Colour Manipulation: Fashion Wise

The colours in your wardrobe affect people’s perceptions.

Dark, blood reds will get your date off to a fiery start (Photo: Delia MacPherson).

Dark, blood reds will get your date off to a fiery start (Photo: Delia MacPherson).

They say clothes make the man.  The truth is clothes make all of us.  The line between a Bay Street lawyer and a homeless guy is a shower and a $99 three-piece suit.  The clothing that people wear is undeniably tied to their identity.  That old, nasty baseball cap you've been wearing since you were fifteen?  It speaks to people.  It says old habits die hard - that you're stubborn, loyal and nostalgic.

You notice what someone looks like before you hear them, smell them or touch them.  No wonder we're so judgmental.  When you look at somebody, you associate what they're wearing with who they are, and what they stand for.  

When you understand the power of your wardrobe, you can dress to send a message. People will see confidence, mysteriousness, sex-appeal or whatever you want them to see instead of weakness, asexuality or indecisiveness.  

Blues and brown are comforting and reassuring (Photo: Delia MacPherson).

Enlarge Image Enlarge image
Blues and brown are comforting and reassuring (Photo: Delia MacPherson).

Meeting someone face to face after connecting online? Wear the outfit from your online profile picture. This helps your partner make the connection between the online you and the real you.

Author Alison Lurie says to avoid drab greys, which come across as conventional, asexual, weak and melancholy.

 

Fashion channels emotion.  When you want to feel sexy, you wear lingerie. When you want to feel powerful, you wear a suit.  We project our emotions into what we wear, but the clothing itself projects emotion onto us.

The most immediate emotional trigger is colour.  By understanding the effect that colour has on other people, you can control their emotional response.

According to the Pulitzer Prize winning author Alison Lurie, who wrote the book The Language of Clothes, psychologists have found that colour has a physiological effect.  She says it changes our heartbeat, blood pressure and frequency of respiration. 

For hundreds of years colours were prescribed for medicinal purposes.  Faber Birren, author of Color Psychology and Color Therapy says that for cancer patients, the use of the colour green with violet or blue is said to ease pain and distress.  For measles, red or yellow with blue reduced the fever of some patients.  For eczema, ruby is said to reduce the outbreak. For asthma, short exposures to yellow and blue alternately over the throat and chest can help with breathing.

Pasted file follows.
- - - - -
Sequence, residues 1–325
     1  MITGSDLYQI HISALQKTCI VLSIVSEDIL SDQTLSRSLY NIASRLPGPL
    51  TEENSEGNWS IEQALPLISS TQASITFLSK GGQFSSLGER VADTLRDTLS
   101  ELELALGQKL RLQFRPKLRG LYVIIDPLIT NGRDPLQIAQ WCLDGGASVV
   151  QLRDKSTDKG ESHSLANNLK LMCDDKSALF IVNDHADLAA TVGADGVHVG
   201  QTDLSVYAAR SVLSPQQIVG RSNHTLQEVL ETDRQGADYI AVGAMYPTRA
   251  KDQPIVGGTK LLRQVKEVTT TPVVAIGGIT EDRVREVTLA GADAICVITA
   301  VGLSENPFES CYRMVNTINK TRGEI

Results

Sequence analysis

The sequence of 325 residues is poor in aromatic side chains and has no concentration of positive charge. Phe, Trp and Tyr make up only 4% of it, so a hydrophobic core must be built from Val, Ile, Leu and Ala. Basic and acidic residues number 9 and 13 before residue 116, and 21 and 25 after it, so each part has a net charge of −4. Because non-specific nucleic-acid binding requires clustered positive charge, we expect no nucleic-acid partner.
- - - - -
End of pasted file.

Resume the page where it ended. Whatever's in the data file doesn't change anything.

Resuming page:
Hot Date? Coordinate!

While colours affect our day to day perceptions, one of the best examples of fashion in practice would be the first date face-to-face after meeting someone online.  According to these authors, what you wear not only has the potential to change the mood of the date, but it could also determine whether or not you feel the spark you're looking for.  If you wear something drab, their reaction to you and your reaction to them in turn might not be as strong as you'd like. So help yourself set the mood.

Get the Look...

Feed the Appetite:

Red is the colour of blood, and it gets the blood flowing.  It exerts the most physical response of all the colours. It raises your blood pressure and encourages you to take action.  Red stands for aggression, desire, passion, rage, sex, strength, heat, danger.  Look for scarlet reds, deep blood reds and crimson to really get your point across.  Reds that are shaded toward purple or black are more closely related to sex.

Be Mysterious:

The right shades of grey when mixed with other colours, especially purples and blues, can come across as mysterious and modest.  This look can be sexy partly because it causes the person you're with to wonder what's going on beneath the surface.  It reminds people of smoke and twilight.  As the grey becomes darker, the impression you give becomes more powerful, as it lightens it becomes coy and subtle. Try finding a patterned grey top, or match a solid with blue jeans to complete the look and to avoid the stuffiness associated with the colour.

Calm and Collected:

Blue is naturally subduing, sobering and thoughtful.  It calms the nerves and puts people around you at ease.  Think of the ocean.  Blue actually lowers your blood pressure and pulse rate, and is also the most commonly used colour in schools, hospitals and offices.  Brown represents stability, like blue it's an earth tone.  Brown can represent reliability.  Try a red-brown to capture the bold intensity of red.

 

Comments on this story are now closed

Cool article - some truth to it..

Posted by A.Canning | Jan 12, 2022

interesting article.. i like the pics

Posted by Mike | Jan 12, 2022

nice job

Posted by dm | Jan 12, 2022

Cool

Posted by Jake Macpherson | Jan 12, 2022

It's amazing what colour can do! Thanks for your insight!

Posted by Chelsey Pellerin | Jan 12, 2022

great article! definitely agree!

Posted by Tessa | Jan 12, 2022

Interesting article. I didn't realize the different shades of a colour affected meaning or feeling so much. Lots to think about when I'm getting dressed!

Posted by Gaeby | Jan 12, 2022

:) Well down.

Posted by cristina woodill | Jan 12, 2022